Last spring, our son was offered a spot in the George Washington University Paris Scholars' Program for his freshman year of college and our daughter was accepted as a Rotary exchange student in Sardinia, Italy, for her junior year of high school.

My husband and I were not surprised.

We had both grown up traveling and raised our children to do the same. Through family vacations and business trips, ranging from the Outer Banks of North Carolina to Lucknow, India, they learned the ins and outs of navigation, accommodations, and adventurous eating. The key, we reiterated on numerous occasions, is to plan ahead but remain flexible and keep an open mind.  They were more prepared, both intellectually and emotionally, than we were.

What was a surprise is that they were listening. Davis and Isabel were each offered a unique opportunity, and they accepted without hesitation.

After wading through endless paperwork, visa applications, and packing requirements, we saw them off to France and Italy before we had a chance to digest what their sudden absence would feel like. We reassured ourselves that this was not the pre-cellphone era of expensive calls home by pay phone.  Our parents had to wait weeks for us to respond to their tissue paper airmail letters. We could have a group text chat via WhatsApp and occasional FaceTime calls.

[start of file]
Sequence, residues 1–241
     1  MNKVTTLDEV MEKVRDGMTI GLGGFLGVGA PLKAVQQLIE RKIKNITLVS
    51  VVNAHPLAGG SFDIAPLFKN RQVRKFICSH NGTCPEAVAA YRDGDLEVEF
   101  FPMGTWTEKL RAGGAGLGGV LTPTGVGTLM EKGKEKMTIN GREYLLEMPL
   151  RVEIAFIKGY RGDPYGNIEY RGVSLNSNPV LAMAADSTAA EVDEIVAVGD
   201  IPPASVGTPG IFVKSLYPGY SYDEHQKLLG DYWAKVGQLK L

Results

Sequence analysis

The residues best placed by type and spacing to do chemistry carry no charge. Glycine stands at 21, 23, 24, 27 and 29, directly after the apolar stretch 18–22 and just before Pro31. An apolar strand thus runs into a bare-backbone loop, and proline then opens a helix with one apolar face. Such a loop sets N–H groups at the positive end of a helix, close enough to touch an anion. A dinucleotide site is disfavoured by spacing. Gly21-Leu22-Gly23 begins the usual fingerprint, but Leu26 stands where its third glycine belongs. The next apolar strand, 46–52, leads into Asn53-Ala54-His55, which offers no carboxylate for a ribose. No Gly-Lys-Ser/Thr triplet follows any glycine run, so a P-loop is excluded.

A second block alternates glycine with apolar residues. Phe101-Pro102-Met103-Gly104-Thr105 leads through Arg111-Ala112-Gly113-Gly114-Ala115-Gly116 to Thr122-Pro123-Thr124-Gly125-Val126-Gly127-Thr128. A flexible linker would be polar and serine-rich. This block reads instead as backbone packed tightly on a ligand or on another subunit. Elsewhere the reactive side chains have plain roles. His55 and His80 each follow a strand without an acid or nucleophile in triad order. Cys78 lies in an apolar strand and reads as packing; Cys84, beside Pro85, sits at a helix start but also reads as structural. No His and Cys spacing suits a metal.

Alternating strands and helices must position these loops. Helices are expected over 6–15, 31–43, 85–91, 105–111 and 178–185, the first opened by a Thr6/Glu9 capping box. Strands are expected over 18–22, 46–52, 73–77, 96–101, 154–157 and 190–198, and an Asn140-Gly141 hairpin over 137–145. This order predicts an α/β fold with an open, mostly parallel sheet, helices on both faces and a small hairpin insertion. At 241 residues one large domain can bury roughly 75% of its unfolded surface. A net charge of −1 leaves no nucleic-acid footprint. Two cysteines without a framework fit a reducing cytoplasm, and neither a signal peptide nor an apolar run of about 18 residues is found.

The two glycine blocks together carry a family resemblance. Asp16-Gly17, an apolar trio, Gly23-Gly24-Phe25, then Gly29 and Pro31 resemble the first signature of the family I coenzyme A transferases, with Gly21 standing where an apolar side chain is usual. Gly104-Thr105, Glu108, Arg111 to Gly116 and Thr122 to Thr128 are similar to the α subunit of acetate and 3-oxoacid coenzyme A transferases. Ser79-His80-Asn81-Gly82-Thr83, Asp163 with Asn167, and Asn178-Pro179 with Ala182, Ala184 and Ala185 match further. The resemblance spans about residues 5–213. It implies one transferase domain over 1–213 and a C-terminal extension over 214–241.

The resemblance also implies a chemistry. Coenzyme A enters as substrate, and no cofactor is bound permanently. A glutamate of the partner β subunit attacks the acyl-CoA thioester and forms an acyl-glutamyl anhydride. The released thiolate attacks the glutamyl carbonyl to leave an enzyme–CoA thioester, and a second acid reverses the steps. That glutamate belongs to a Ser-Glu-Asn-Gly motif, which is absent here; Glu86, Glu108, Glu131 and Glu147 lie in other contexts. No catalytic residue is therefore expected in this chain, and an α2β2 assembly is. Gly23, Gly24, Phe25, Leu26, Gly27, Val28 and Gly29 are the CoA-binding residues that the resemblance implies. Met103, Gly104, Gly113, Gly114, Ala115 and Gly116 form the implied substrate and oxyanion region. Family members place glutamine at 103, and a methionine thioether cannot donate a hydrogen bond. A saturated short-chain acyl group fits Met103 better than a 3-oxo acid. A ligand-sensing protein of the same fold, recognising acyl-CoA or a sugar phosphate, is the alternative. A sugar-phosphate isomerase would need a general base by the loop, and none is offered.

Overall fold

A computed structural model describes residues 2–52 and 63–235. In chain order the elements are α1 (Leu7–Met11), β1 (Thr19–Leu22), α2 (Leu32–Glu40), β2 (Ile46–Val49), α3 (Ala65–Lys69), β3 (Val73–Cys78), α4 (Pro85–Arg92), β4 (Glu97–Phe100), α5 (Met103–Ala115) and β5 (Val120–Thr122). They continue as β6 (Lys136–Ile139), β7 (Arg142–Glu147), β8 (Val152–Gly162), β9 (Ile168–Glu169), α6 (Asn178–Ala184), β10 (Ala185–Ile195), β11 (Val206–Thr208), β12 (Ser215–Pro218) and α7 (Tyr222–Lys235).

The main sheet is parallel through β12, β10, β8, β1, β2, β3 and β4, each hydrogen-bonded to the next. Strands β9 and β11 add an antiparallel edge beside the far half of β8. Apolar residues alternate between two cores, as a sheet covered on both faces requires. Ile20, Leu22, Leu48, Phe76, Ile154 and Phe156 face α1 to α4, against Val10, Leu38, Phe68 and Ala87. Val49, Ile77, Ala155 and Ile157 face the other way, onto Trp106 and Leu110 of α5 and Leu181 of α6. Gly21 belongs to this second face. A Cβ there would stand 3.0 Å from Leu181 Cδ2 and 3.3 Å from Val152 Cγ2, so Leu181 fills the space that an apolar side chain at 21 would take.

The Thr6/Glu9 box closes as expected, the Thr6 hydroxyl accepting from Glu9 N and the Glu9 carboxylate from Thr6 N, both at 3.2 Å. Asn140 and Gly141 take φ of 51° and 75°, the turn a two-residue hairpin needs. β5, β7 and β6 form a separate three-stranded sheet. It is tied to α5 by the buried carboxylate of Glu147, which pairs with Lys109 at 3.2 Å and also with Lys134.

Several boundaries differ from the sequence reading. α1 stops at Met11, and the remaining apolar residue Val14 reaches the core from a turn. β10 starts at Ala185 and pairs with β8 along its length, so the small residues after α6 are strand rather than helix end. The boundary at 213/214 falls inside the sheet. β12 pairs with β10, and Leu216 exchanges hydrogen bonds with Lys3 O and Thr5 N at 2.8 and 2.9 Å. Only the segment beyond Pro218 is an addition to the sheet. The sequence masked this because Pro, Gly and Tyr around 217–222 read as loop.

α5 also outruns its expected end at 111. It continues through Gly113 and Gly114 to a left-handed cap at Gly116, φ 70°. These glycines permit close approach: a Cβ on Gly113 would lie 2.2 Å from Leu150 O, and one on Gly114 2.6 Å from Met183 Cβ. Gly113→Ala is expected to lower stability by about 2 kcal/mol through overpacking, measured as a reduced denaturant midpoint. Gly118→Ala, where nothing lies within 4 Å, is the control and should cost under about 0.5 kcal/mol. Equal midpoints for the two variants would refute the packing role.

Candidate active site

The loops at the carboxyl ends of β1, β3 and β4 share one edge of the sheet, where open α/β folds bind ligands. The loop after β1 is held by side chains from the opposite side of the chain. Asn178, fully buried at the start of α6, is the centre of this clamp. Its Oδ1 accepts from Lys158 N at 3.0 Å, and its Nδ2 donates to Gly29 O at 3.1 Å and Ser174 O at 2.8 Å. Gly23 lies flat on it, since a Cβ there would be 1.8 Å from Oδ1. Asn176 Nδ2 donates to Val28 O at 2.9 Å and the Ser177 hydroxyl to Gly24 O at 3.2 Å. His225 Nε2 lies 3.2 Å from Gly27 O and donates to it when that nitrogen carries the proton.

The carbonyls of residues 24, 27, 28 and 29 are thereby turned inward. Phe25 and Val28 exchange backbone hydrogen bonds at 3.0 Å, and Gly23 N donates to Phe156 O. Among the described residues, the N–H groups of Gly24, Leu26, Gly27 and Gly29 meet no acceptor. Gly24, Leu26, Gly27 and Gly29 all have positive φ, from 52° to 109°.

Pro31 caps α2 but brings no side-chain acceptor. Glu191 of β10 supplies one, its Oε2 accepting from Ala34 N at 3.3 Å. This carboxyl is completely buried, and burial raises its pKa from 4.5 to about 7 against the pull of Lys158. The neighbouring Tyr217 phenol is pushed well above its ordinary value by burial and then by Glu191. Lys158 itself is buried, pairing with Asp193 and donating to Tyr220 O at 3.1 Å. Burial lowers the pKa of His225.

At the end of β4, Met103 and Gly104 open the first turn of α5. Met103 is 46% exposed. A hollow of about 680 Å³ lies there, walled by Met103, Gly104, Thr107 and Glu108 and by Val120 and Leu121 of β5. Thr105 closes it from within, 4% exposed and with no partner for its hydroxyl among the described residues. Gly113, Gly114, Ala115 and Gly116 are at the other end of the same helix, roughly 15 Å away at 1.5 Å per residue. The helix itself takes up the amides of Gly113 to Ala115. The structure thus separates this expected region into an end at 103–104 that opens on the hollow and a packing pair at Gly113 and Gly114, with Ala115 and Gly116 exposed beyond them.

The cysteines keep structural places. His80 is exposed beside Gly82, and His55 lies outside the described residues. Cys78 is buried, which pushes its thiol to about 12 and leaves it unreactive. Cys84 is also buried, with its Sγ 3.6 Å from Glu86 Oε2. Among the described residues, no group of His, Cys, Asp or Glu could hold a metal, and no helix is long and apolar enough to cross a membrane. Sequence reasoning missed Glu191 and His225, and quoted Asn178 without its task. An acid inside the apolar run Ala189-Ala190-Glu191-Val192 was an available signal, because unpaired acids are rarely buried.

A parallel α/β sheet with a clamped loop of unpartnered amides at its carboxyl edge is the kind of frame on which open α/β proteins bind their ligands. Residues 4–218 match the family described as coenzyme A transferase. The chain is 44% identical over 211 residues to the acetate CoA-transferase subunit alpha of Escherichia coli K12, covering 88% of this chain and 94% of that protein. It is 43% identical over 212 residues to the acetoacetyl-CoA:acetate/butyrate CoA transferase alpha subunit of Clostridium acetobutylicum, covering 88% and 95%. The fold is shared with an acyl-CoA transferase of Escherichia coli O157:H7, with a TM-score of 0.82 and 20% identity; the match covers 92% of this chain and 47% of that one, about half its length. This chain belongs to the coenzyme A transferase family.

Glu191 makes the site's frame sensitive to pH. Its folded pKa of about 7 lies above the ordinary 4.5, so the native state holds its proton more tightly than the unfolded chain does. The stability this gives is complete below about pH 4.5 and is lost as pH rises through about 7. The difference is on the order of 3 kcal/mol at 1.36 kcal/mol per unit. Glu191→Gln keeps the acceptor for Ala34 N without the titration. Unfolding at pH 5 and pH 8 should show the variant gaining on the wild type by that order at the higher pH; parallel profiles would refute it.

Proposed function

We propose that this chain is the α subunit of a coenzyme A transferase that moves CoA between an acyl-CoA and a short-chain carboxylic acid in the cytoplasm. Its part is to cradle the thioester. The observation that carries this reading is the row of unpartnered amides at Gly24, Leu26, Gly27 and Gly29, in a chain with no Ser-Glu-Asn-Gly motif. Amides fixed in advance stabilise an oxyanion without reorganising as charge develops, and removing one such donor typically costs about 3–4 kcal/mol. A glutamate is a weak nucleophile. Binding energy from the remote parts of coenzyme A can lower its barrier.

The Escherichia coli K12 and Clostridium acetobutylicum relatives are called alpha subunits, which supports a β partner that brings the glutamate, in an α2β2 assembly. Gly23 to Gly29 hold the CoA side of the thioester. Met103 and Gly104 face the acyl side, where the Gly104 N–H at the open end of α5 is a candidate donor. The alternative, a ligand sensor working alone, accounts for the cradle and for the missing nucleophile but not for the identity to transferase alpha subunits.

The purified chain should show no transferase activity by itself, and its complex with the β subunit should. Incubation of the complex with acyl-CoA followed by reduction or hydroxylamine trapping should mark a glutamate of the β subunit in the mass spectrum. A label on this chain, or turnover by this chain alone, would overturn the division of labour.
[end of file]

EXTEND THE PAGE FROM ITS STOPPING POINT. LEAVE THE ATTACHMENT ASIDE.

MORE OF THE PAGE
Within weeks of their departures, we adjusted to our new virtual family status. The six-hour time difference meant sometimes waking up to a dozen texts. Our son or daughter would initiate a conversation and then they would chat back and forth between themselves until one of us in the States woke up.

Through this text chain, we were united in ways I never anticipated: instant pics of unusual snow in Paris, fog in Sardinia, croissants, and pizza. In return we sent requested photos of our dog and cat, video clips from the Eagles' parade after the Super Bowl, and the occasional snapshot of a friend who missed them. We were sharing everything from the beautiful and sublime to the whimsical and mundane. Armchair traveling took on new meaning — we could spend the year being in three countries at once, as a family.

The idea of a reunion was often discussed. Rotary has a rule prohibiting visits before five months. For us that meant February, and weeks in advance our children began lobbying for a weekend get-together. Our son booked a hopper flight from Paris to Sardinia. His plane was delayed for hours, then canceled. The airline put him in an airport hotel and re-booked him on a 6 a.m. flight with two layovers. He spent almost 20 hours to get to his sibling.

Perhaps this had been the ultimate test of our flexible mindset. We are a family of travelers, and every trip is a gift.

Margaret Burton writes from Narberth.

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